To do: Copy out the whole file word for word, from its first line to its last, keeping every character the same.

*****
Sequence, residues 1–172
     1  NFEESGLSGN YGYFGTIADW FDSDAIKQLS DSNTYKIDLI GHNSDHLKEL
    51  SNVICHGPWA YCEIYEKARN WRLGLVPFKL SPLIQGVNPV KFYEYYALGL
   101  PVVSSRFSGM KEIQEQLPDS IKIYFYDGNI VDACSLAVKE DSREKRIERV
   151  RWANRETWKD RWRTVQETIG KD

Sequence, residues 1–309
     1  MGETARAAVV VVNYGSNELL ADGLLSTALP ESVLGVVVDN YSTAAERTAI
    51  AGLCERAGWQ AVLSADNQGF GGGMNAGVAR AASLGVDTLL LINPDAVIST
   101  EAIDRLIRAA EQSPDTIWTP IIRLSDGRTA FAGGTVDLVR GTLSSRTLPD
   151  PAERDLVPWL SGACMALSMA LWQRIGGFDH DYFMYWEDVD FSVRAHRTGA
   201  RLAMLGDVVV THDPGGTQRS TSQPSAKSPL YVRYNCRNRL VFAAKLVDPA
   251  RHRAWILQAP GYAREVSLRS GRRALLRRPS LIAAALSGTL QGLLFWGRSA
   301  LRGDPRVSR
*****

Sequence, residues 1–172
     1  NFEESGLSGN YGYFGTIADW FDSDAIKQLS DSNTYKIDLI GHNSDHLKEL
    51  SNVICHGPWA YCEIYEKARN WRLGLVPFKL SPLIQGVNPV KFYEYYALGL
   101  PVVSSRFSGM KEIQEQLPDS IKIYFYDGNI VDACSLAVKE DSREKRIERV
   151  RWANRETWKD RWRTVQETIG KD

Sequence, residues 1–309
     1  MGETARAAVV VVNYGSNELL ADGLLSTALP ESVLGVVVDN YSTAAERTAI
    51  AGLCERAGWQ AVLSADNQGF GGGMNAGVAR AASLGVDTLL LINPDAVIST
   101  EAIDRLIRAA EQSPDTIWTP IIRLSDGRTA FAGGTVDLVR GTLSSRTLPD
   151  PAERDLVPWL SGACMALSMA LWQRIGGFDH DYFMYWEDVD FSVRAHRTGA
   201  RLAMLGDVVV THDPGGTQRS TSQPSAKSPL YVRYNCRNRL VFAAKLVDPA
   251  RHRAWILQAP GYAREVSLRS GRRALLRRPS LIAAALSGTL QGLLFWGRSA
   301  LRGDPRVSR